Database Journal
MS SQL Oracle DB2 Access MySQL PostgreSQL Sybase PHP SQL Etc SQL Scripts & Samples Links Database Forum

» Database Journal Home
» Database Articles
» Database Tutorials
MS SQL
Oracle
DB2
MS Access
MySQL
» RESOURCES
Database Tools
SQL Scripts & Samples
Links
» Database Forum
» Sitemap
Free Newsletters:
DatabaseDaily  
News Via RSS Feed


follow us on Twitter
Database Journal |DBA Support |SQLCourse |SQLCourse2
 

Featured Database Articles

MS SQL

Posted Feb 6, 2006

MDX Set Functions: DrillDownLevel() - Page 4

By William Pearson

Procedure: Satisfy Business Requirements with MDX

Let's assume, for purposes of our practice example, that we have received a request, once again, from the Reporting department of our client, the Adventure Works organization. As we have noted in other articles of the series, the Reporting department, a group of client-facing authors and developers, often requests assistance such as this. We typically provide on-site augmentation for business requirements gathering and training, performing workshops in many cases that illustrate approaches to meeting specific needs. These combined development workshops / "train the trainer" events have worked well in the past for all concerned.

As usual, the authors and developers in the group are aware that the need will manifest itself in recurring similar situations as they work to meet the needs of the Adventure Works information consumers. This particular request for assistance involves a drilldown scenario. We have supported the group recently in performing drilldown (see Set Functions: The DRILLDOWNMEMBER() Function and Set Functions: The DRILLDOWNMEMBERTOP() and DRILLDOWNMEMBERBOTTOM() Functions), which, we believe, will be of benefit as we return to assist them with the level drilldown capabilities in which they are now interested.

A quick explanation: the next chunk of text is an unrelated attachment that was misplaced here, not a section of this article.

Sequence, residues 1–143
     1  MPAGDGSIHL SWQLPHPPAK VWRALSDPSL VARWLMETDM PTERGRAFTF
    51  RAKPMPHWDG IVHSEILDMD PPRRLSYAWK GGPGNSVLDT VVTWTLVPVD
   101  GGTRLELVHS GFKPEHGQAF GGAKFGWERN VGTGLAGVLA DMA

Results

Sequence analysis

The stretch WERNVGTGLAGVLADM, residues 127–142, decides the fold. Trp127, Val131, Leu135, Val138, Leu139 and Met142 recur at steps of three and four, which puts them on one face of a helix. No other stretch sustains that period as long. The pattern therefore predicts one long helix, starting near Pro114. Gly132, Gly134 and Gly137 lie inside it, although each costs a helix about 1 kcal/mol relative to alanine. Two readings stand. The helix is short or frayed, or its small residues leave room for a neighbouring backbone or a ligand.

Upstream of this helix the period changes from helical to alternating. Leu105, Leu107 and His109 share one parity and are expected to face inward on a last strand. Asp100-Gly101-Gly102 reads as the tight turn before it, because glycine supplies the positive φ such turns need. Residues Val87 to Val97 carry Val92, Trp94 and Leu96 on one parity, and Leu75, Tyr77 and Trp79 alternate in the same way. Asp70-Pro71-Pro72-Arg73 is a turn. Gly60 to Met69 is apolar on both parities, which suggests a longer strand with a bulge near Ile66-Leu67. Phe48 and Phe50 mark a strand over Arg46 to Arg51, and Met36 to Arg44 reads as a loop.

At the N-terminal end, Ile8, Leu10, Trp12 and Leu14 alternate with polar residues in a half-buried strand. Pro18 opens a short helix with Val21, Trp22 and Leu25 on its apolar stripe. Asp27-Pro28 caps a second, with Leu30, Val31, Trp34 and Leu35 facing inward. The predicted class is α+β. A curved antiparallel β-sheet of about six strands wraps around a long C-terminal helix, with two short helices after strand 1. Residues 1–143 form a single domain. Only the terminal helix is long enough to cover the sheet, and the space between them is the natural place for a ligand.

The Reporting department representatives explain that they want to perform drilldowns, but in the present case, they wish to base the drilldowns upon levels, instead of members, within their cube structure. They wish to use an MDX function as the mechanism, for the same reason that they wanted to perform member drilldowns with MDX. They wish to leverage the Analysis Services and Reporting Services components of the Microsoft integrated Business Intelligence solution, whereby they can create a targeted "drill down" report that will be triggered from a primary, higher level ("Home") report, and then "connect" the two in a manner similar to that which we have followed in other articles. They might also parameterize the dataset(s) within an OLAP report to "swap" DrillDownLevel() and DrillUpLevel() functions (we explore the latter in another article of the series) to achieve drilled down or drilled up perspectives within the report(s) resting upon those datasets, or perhaps to take another approach entirely to deliver drilling capability within their reports. Suffice it to say that, whichever approach the developers take to support a given reporting or analysis need, in a manner similar to that we have examined from the perspective of members, they will likely work with combinations of drilldown and drillup functions with levels to achieve versatility in the end presentations. While the functions differ in syntactical structure and operation, the uses to which we put the functions can be very similar indeed.

What lies at the heart of the request, we note in our early discussions, is the need to perform drilldown on a hierarchical level. In the case at hand, the authors tell us that they need to provide a query that enables drilldown for the Calendar Year 2003 Reseller Sales of the Adventure Works Product Lines. The immediate need is to return a dataset that presents each of the lines with summary Reseller Sales Amounts at that level.

We work with the Reporting team to prepare a quick draft of the requirement, to corroborate the business need. The result of our joint efforts is the sample data, laid out in a small spreadsheet, shown in Illustration 8.


Illustration 8: "Confirmation Draft" of the Proposed Dataset Objective